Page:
By Natalie Kouba
Entrepreneurship can be quite rewarding, but it’s difficult to be successful without encountering a few challenges along the way.
The Engineering Alumni Mentoring Program, a program by the School of Engineering that matches engineering students with alumni mentors, sponsored a panel discussion and shared their experiences with entrepreneurship in the field of engineering on Wednesday, Feb. 22 in Mildred & Ernest E. Mayo Concert Hall. Five alumni, as well as one professor at the College, presented their journeys to success and answered questions asked by the audience.
Steven Schreiner, professor of electrical and computer engineering, began the panel discussion by introducing the theme of the event. The inspiration for the title of the event, the “Pursuit of Entrepreneurship,” came from this year’s campus-wide theme of the Pursuit of Innovation. Schreiner quoted the National Academy of Engineering stating, “No profession unleashes the spirit of innovation like engineering.”
A brief introduction and short bio was then given for each member of the panel. The panel members then spoke for five minutes each to expand on their stories and provide the audience with background information of their professional successes and struggles.
Paul Andrews, ’84, became aware of the struggles he would encounter pursuing a career in engineering. At one point he said he sent out 100 applications, receiving 99 rejection letters and one interview. Then in 2003 he started Princeton Server Group, which grew in customers and eventually brought in approximately $2 million annually.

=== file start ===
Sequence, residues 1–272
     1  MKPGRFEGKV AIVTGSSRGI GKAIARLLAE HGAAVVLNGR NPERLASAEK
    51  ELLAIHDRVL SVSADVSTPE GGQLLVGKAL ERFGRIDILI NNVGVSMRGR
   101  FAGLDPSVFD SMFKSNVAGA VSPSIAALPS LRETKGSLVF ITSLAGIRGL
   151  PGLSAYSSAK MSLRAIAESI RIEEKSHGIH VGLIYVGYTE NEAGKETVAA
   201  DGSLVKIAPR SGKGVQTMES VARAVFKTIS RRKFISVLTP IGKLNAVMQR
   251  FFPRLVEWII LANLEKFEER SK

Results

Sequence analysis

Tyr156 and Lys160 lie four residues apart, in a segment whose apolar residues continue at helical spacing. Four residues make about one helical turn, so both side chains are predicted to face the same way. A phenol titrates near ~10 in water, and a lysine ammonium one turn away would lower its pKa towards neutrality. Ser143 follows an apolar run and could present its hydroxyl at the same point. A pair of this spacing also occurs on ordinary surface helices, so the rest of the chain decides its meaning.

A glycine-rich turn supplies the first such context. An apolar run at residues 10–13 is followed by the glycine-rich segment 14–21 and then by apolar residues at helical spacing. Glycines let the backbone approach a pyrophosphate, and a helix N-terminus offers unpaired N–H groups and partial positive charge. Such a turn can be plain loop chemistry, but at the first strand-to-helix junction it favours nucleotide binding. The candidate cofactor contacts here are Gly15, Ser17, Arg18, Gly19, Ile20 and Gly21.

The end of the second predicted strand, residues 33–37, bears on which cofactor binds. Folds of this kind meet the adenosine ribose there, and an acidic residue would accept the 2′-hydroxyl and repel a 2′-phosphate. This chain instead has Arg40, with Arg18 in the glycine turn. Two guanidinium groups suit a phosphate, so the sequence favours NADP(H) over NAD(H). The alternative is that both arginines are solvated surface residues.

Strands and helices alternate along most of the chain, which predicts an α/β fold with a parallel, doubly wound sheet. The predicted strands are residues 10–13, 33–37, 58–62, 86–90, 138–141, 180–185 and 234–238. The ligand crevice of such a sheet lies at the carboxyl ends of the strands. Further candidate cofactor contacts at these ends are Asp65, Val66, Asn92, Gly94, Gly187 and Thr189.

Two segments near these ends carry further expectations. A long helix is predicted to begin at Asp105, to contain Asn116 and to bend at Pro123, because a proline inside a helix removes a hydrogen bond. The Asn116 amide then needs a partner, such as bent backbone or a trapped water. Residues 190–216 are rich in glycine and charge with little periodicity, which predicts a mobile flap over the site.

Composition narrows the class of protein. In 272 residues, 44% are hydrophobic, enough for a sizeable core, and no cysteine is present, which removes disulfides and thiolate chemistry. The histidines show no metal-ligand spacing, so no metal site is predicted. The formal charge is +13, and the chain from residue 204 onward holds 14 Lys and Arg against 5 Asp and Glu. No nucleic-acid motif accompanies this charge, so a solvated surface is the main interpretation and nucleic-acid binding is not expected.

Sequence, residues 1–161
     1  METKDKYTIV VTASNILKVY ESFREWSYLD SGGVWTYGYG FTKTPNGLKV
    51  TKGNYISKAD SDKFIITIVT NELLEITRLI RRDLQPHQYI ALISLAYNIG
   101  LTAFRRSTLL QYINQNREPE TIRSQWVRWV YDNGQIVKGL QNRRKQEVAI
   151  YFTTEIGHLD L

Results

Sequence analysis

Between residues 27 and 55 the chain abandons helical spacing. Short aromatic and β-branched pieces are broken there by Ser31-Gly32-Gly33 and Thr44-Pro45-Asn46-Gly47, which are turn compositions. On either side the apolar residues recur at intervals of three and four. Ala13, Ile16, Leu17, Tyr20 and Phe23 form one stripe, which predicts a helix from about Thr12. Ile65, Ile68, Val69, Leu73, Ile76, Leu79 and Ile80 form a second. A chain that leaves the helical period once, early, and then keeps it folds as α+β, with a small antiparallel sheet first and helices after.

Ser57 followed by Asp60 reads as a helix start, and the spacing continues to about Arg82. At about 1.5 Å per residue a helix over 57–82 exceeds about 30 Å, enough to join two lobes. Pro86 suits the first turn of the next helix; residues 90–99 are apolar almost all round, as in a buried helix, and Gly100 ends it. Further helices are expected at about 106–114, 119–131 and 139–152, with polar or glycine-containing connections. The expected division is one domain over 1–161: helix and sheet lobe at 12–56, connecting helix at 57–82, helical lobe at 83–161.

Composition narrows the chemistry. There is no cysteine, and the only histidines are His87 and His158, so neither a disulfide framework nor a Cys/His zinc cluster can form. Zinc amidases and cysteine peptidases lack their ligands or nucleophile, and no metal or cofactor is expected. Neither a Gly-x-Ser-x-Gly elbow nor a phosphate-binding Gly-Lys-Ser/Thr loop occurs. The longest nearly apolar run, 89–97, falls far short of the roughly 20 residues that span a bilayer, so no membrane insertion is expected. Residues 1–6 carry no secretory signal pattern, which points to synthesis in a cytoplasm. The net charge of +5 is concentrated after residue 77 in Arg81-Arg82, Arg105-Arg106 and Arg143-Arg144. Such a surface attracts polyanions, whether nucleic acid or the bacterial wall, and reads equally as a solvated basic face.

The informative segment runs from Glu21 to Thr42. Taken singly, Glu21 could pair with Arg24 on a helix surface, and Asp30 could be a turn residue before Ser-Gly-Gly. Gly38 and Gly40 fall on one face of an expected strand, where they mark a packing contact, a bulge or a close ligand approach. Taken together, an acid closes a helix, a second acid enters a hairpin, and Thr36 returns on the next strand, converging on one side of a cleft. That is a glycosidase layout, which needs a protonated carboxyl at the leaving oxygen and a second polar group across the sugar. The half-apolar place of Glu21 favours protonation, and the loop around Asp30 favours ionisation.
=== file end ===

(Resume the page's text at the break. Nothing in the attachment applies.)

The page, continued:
Matthew Robinson and William Parkhill graduated in 2002 and 2003, respectively, with degrees in mechanical engineering. Both found themselves later working in civil engineering and became founding partners and principals of the Mid Atlantic Engineering Partners.
Thomas Krol, ’02, began his work in college by focusing on co-creating a voice control telephone for an elderly friend who had Lou Gehrig’s disease. In 2000 Krol founded IMET Corporations.
College electrical engineering professor Craig Wentzel encouraged aspiring entrepreneurs to “overcome failure. It’s hard.”
Allen Katz, electrical engineering professor at the College and founder and president of Linearizer Inc. talked about the “four rights” one needs to be successful as an entrepreneur. “The right people, the right product, the right attitude, and the right luck” are all vital elements to success, he said.
A question and answer session conducted by Debra Kelly from the Career Center followed. Someone asked for the best advice for a young entrepreneur. “There are people who always say, ‘You can’t do that’ or ‘That’s impossible’ … I’d prove them wrong,” he said. “It’s actually more fun.”